Saturday, May 26, 2007
Friday afternoon, I joined throngs of beach goers exiting Mobile, and later, Pensacola, as I worked by way east into the Florida panhandle. It's nice that some stretches of beach are preserved within the Gulf Islands National Seashore, since it provides a contrast to the high rises and surf shops of Gulf Shores and Pensacola Beach. The afternoon light, lack of haze, and perfect weather made the beaches all look like advertisements (some miscellaneous pictures at hshipman).
I reached the eastern terminus of my whirlwind tour early last Saturday morning in Seaside, Florida. This was the first of several planned communities built along the coastline between Destin and Panama City in the last couple decades and is often cited as a prime example of new urbanist principles. Or at least some of them. Seaside did convey a wonderful sense of place. It was pleasant to walk around, it was a neighborhood with a nice central business and civic core, and it was environmentally attractive (more pictures). It has suffered from its success (NY Times article) and from some realities of nature - which is what intrigued me.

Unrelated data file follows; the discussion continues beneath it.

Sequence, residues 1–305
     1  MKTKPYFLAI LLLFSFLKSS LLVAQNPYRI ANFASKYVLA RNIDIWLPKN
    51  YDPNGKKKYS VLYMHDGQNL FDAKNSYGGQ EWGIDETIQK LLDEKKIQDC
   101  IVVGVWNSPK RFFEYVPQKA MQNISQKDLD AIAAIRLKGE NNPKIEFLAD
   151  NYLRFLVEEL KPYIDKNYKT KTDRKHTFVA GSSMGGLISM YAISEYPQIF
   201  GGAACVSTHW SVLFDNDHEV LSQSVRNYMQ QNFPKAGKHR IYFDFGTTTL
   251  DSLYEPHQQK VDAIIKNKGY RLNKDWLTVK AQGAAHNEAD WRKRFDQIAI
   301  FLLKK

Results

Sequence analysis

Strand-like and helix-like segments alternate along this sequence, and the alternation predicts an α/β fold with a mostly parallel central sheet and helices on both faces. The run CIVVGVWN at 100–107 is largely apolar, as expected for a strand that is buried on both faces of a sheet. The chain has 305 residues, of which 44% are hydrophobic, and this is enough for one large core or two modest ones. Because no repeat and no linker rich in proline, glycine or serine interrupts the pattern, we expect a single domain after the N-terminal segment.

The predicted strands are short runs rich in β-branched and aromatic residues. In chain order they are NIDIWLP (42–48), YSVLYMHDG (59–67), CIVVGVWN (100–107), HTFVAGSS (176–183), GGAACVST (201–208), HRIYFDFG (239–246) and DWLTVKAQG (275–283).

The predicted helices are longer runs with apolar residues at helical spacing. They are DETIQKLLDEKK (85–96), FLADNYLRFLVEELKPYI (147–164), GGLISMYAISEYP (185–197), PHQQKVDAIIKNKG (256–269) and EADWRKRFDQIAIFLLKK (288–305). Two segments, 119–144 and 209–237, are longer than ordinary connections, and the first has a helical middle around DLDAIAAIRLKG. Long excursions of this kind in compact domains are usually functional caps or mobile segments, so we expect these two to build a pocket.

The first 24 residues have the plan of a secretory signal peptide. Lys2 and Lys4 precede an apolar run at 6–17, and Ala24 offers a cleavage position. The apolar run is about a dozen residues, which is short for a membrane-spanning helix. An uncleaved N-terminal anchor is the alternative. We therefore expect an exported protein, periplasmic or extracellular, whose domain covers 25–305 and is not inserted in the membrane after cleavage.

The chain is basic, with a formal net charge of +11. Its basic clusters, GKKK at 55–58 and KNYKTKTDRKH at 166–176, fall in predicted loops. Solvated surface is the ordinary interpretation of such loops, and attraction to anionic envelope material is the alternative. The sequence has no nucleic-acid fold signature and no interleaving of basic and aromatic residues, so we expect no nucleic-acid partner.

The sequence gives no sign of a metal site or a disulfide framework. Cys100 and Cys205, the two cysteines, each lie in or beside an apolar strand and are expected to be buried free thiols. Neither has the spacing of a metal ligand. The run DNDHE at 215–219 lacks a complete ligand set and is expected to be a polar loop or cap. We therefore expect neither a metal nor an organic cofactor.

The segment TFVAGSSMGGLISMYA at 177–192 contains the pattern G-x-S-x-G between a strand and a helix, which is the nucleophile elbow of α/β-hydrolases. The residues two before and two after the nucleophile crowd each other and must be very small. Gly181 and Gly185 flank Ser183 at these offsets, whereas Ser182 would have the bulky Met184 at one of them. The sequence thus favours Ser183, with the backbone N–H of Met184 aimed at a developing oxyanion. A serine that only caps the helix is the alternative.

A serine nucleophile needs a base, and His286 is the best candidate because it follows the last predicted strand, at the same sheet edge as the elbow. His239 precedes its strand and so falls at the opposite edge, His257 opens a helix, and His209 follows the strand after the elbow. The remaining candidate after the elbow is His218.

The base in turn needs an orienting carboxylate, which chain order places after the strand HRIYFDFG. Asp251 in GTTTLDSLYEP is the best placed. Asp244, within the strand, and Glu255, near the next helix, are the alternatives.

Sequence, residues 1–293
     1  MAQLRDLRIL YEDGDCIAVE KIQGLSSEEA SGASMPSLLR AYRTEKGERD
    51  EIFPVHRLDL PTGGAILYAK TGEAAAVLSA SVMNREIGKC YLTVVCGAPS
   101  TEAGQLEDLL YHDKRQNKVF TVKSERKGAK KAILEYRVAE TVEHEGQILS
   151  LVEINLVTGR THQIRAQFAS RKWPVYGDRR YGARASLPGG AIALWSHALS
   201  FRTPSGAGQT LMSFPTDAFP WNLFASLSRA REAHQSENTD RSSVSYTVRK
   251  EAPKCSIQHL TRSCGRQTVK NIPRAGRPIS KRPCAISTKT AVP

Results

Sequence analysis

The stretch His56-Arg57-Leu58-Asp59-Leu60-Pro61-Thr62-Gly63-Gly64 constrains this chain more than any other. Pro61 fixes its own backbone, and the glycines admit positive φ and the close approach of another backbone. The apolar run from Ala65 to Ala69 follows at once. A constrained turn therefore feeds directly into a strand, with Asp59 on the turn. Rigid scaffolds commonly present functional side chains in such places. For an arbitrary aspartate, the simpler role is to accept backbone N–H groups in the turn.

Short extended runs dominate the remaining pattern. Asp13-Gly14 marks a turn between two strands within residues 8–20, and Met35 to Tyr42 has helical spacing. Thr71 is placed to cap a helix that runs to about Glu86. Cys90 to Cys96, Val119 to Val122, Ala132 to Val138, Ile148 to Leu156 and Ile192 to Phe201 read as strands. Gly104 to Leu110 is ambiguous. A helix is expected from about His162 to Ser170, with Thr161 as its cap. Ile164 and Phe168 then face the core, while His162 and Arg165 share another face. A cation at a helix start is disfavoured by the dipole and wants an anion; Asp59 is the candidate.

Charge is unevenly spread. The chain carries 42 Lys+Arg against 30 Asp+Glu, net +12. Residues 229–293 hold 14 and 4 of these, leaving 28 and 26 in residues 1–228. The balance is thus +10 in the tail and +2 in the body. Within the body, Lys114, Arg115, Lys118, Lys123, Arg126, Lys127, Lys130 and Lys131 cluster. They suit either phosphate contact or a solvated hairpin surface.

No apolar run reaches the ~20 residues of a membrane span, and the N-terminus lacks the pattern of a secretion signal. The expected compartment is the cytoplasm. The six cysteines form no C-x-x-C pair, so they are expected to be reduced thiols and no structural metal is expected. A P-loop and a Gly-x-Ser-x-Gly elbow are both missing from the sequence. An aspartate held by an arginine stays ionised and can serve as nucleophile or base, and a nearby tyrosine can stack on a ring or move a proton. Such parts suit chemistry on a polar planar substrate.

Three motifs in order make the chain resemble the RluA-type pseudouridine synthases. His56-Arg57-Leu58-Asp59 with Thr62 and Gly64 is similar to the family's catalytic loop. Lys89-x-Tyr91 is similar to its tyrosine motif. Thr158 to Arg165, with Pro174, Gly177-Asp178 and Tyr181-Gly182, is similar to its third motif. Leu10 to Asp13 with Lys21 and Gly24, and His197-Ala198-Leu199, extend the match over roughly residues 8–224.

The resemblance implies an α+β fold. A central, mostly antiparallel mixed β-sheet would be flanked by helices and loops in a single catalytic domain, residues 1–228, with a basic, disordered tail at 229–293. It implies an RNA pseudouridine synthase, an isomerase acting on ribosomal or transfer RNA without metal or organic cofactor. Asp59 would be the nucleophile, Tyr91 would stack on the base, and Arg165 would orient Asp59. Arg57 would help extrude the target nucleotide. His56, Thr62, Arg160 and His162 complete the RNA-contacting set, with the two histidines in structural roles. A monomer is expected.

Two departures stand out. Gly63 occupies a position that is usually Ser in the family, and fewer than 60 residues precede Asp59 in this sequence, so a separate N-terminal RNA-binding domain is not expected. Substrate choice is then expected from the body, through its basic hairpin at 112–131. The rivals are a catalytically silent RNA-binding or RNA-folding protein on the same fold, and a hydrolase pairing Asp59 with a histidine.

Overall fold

The town has just finished rebuilding its dunes which have been eroded significantly since the town was created. People speak of building environmentally sustainable communities - often focusing on public transportation, stormwater, and energy conservation. In Seaside, much has been made of its being set back from the beach and the preservation of the native dune landscape. But this is an eroding shoreline - the beach and the dunes are moving north and the town will be in the way. Seaside, just like New Orleans, is geologically unsustainable - on a scale of decades, not millenia - even if sea level doesn't start rising faster. We know the talk - build green, use less energy, create walkable neighborhoods - but we sometimes lose the big picture. We need to step a bit farther back (figuratively, in time, and literally, from the beach).